Photography and article by Raquel Lyons
Trigger Warning: Explicit mention of suicide
You may have heard the term “cry for help” before or maybe that is your first time seeing it. The phrase means to essentially cry out vocally, face to face, or through written form, such as on social media or via paper left in a visible area that an individual is threatening to take their own life.
All threats of suicide should be taken seriously. Whether they are posted on the Internet or joked about in person, neither location should be treated any differently.
In many ways, this article goes hand in hand with my “Attention Seeking?” piece. We cannot tell when a threat of suicide is genuine versus disingenuous. That is not our call to make as civilians or bystanders, not as friends or family members either. We can gather information from the individual and deliver them to the hands of mental health and crisis intervention professionals who will run their own assessment of the individual’s unique situation and decide from there what appropriate action needs to be taken.
It may come as no surprise, from my previous article’s standpoint, that I often engage in cries for help myself. Twitter has become my newest place for doing so. If I am in crisis I am going to go to Twitter to voice my emotions, my thoughts and my behaviors. My WordPress blog is no longer a place I can do that at because my parents read through it. Instead, I’ve taken to another Internet location to make my cries heard…if they ever do get heard.
You see, the Internet, just as in real life moments before you follow through on your suicidality, is not the greatest place to cry out for help.
Yes, *maybe* someone will see the post, *maybe* someone will intervene, or maybe, just maybe, someone won’t.
And if they do not, that is in *no* way a reflection of their care for you, their love for you or the worthiness you sustain just by being you and being alive.
Maybe they haven’t seen the tweet yet, maybe they missed your Facebook post in their feed, maybe they’re not on their phone, or maybe they got caught up in some work related matter. That does *not* mean that they do not care about you or for you or that you matter any less to them.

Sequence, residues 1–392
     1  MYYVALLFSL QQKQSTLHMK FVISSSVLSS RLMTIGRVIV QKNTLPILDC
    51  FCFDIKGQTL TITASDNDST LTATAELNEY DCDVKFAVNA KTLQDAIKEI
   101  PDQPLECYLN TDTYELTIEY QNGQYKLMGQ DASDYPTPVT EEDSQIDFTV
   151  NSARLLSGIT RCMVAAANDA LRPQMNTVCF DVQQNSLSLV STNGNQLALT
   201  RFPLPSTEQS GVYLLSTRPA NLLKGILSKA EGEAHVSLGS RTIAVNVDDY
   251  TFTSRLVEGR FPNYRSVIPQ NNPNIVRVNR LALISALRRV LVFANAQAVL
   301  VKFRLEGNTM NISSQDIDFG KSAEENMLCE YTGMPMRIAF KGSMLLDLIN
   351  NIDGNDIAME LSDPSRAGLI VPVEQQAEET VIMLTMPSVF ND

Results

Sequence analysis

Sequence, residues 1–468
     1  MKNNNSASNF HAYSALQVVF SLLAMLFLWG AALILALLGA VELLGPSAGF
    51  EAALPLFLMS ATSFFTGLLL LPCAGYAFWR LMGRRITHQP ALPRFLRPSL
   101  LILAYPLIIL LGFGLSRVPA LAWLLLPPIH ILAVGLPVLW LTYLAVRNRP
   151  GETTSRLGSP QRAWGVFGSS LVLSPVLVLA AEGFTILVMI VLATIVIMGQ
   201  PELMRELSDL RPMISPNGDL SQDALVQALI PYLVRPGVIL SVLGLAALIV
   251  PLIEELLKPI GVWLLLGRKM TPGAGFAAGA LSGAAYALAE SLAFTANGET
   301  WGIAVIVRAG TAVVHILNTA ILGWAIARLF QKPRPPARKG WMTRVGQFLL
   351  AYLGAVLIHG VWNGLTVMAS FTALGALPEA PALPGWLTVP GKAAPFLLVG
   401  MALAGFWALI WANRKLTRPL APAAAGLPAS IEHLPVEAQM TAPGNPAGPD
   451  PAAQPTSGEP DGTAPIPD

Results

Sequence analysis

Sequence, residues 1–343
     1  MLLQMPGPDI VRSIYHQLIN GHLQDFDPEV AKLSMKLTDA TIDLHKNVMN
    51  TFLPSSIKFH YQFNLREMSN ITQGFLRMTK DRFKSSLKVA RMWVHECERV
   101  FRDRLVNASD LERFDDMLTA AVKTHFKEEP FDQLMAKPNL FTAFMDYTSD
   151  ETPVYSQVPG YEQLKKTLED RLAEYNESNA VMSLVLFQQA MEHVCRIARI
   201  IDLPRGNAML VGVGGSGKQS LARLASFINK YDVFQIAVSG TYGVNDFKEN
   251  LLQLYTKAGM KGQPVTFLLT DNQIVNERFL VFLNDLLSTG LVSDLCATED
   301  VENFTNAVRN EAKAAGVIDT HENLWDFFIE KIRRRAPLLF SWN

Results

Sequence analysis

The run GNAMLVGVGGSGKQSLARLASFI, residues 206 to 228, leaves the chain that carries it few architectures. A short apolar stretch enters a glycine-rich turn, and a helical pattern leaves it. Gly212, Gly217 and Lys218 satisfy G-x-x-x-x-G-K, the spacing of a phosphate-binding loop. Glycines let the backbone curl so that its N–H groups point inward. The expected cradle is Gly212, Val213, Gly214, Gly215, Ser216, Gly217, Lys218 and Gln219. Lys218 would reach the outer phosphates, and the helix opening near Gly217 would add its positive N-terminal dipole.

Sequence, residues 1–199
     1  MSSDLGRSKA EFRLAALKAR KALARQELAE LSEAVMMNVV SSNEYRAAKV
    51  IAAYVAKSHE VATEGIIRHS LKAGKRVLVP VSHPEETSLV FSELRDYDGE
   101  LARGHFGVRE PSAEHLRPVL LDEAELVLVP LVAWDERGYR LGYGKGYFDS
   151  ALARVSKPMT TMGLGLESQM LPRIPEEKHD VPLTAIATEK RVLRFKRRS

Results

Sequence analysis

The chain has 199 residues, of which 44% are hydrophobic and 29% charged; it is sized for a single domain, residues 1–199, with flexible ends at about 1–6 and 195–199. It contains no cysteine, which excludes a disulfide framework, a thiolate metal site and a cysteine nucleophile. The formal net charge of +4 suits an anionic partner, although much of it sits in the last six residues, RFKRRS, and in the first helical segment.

Maybe the person walking by you in public doesn’t know what to do in that situation; maybe they’re so busy in their own minds that they don’t even realize a situation is taking place. Maybe that friend or that stranger is afraid to ask what you mean when you’re joking about suicide because they’re afraid it’s going to put an idea in your head (it doesn’t) or that they don’t feel comfortable having such an open and vulnerable conversation with you.
There are so many factors involved, you see, there is no one reason for a completed suicide or a suicide being threatened.
To me, crying for help means I want someone to intervene. I want someone to notice me. I want someone to care about me. I want someone to know that I’m not okay. I want someone to know where I’m at and how far I’m willing to go to show that I matter.
Crying for help to me means wanting someone to talk me out of suicide. Crying for help means someone calling my brain out on its BS and reminding me of the life I have yet to live, the things I have yet to accomplish and the happiness buckets I have yet to fill.
I struggle often with the confliction between wanting to stand on the edge and have it be public so as to heighten my chances of someone intervening, and to stand on the edge for no one to be around so that I lessen my chances of someone intervening. I want intervention and yet I want people to just walk away.
I threaten suicide, a lot. I cry for help, a lot. And I will also act on the suicidal thoughts. I do *not* believe that my suicide attempts were a cry for help. All of my suicide attempts, though misguided by far, were genuine. I thought they might kill me, if the universe “aligned” in a particular way. They didn’t, and here’s hoping they never do.
But I can’t say that I won’t try again, somewhere down the road. I can hold onto the hope that if no one else will be there for me, than I will be there for me. That I can and will advocate for myself, and get myself the help I both need and deserve. And if staying safe means hospitalization, so be it.
Please, stay safe.
And if you are struggling with suicidal ideation, know that you can contact the National Suicide Prevention Lifeline at 1800 273 8255, the Counseling Center at Quinn 2nd floor past general medicine, and at their 24/7 crisis line at XX. You are worthy of this life, please keep fighting.
I don’t have much to say about this other than I’m going to be making my good news post soon and working today on other articles. 🙂
I’ll have a better life update (like a more proper one) soon, too.
Thank you for reading!! ❤ ❤ ❤
PS This may have a photo attached to it later, hence why I haven’t added the article thumb to this piece. Unless I come up with another one. Maybe I’ll do the thumb anyways. Ahaha.